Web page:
The 2020 Akutagawa Prize winner is an intriguing novella pitched as a look into “obsession, pop culture and fandom.” Although it absolutely delivers on that front, its most compelling element is not the teenage protagonist’s relationship to her oshi, or idol, but to those around her.
Akari has always struggled, both in school and life. Becoming a dedicated fan and blogger gave her a sense of achievement and self-worth, but when rumours arise that her oshi has attacked a fan, Akari’s beloved online community begins to disintegrate.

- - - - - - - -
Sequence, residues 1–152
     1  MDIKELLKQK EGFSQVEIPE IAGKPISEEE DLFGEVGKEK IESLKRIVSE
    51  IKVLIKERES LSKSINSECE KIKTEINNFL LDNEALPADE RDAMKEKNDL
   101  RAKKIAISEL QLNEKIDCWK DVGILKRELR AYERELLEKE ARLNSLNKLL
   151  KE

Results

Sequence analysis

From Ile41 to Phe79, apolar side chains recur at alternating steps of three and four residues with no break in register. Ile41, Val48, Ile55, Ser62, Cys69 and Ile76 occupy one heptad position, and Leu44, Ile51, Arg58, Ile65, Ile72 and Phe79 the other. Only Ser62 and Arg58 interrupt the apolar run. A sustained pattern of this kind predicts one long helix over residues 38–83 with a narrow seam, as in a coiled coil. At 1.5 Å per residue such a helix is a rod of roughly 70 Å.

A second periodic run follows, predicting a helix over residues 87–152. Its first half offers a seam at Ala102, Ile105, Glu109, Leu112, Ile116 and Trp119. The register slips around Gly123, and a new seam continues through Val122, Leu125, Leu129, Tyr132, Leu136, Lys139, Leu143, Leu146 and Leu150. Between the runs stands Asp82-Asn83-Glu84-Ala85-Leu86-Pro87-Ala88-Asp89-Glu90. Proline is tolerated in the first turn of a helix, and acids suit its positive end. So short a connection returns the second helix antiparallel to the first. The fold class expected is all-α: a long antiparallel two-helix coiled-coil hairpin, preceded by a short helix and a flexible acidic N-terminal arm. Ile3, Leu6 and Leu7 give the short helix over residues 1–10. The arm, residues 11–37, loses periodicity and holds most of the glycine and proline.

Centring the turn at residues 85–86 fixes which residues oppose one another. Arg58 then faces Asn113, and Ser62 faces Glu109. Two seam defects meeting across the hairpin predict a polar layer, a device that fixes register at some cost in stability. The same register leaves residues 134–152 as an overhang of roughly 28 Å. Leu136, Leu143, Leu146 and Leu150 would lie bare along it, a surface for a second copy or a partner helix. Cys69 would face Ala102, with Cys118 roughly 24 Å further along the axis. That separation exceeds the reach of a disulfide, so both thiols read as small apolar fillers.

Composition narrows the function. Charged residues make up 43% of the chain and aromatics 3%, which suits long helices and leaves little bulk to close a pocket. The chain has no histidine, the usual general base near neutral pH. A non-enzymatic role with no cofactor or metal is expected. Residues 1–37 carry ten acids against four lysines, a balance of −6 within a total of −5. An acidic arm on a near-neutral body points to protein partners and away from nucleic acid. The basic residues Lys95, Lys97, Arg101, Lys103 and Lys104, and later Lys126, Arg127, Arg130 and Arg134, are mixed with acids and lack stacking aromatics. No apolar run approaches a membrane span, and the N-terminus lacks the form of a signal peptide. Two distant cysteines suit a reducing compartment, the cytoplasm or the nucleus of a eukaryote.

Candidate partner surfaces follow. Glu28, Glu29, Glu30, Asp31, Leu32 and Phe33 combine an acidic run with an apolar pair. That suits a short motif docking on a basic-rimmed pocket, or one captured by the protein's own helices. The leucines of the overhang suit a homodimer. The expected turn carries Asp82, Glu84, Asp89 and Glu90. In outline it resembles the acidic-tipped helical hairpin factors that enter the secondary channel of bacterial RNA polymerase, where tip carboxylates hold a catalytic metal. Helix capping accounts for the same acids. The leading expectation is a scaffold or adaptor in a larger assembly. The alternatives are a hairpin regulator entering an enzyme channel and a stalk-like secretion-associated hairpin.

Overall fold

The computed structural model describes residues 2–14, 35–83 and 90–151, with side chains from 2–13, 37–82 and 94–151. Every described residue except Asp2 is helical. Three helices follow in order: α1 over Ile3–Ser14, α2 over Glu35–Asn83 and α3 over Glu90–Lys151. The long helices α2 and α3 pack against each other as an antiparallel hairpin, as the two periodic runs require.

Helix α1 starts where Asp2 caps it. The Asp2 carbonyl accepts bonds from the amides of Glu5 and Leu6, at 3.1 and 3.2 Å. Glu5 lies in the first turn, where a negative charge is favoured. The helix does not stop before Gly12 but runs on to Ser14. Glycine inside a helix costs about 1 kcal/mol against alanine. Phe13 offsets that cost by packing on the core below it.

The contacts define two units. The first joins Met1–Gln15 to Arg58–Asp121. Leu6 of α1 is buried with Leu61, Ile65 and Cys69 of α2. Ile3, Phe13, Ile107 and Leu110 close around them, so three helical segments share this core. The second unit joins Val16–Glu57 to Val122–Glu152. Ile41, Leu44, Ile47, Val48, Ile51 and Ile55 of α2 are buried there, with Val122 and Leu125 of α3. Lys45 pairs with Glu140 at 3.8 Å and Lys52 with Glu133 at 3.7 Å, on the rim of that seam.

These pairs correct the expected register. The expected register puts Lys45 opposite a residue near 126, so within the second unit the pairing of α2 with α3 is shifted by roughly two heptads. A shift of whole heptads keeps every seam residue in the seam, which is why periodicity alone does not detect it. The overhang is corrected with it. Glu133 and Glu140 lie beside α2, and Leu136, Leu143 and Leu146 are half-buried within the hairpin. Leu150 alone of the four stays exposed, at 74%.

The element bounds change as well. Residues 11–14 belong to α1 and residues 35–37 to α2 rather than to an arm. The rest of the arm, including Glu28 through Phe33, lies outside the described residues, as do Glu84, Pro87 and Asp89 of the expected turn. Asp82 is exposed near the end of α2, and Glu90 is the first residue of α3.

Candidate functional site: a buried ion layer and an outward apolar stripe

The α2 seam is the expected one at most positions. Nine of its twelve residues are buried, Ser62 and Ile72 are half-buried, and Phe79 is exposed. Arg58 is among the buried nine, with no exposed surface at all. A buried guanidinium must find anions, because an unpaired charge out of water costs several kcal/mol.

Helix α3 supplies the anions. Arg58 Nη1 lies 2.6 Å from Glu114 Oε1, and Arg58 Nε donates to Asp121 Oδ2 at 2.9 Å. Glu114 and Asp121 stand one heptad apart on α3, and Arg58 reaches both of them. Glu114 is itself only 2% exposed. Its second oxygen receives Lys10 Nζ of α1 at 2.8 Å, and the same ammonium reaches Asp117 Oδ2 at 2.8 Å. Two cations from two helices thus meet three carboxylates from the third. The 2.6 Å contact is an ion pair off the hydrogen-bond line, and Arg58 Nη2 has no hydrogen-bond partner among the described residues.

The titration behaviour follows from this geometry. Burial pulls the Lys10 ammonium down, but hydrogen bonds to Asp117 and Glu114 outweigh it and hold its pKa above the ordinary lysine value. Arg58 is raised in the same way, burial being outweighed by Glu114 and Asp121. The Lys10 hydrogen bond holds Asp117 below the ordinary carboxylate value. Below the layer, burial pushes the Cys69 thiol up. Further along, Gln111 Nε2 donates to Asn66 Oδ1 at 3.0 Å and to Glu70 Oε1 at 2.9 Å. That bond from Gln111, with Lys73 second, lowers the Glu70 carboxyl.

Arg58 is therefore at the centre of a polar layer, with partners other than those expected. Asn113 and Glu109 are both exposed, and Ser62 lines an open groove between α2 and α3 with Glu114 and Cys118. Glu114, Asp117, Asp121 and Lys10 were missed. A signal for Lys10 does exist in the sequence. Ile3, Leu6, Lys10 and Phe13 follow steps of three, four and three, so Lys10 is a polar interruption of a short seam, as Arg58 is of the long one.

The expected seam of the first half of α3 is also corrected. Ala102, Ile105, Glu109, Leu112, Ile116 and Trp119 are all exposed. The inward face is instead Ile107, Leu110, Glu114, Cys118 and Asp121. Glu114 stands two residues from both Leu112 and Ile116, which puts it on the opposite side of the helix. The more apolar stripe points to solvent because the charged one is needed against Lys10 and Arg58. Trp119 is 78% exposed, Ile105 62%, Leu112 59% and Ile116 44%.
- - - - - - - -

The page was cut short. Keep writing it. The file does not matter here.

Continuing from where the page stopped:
Like Akari herself, this is a quietly intense book that offers an honest exploration of contemporary connection and isolation, with fan culture as a fascinating backdrop. Frequently described as “compassionate,” the first-person narrative paints a nuanced picture of dedication that might seem extreme to some, but can be a remedy for loneliness and frustration to people like Akari. In her note, translator Asa Yoneda highlights the ease of rendering the online discourse in English, a testament to the ubiquity of these experiences, regardless of geographic location.
I highly recommend this for readers who loved Sayaka Murata’s Convenience Store Woman for its equally compassionate portrayal of a woman who relates to the everyday in unique ways.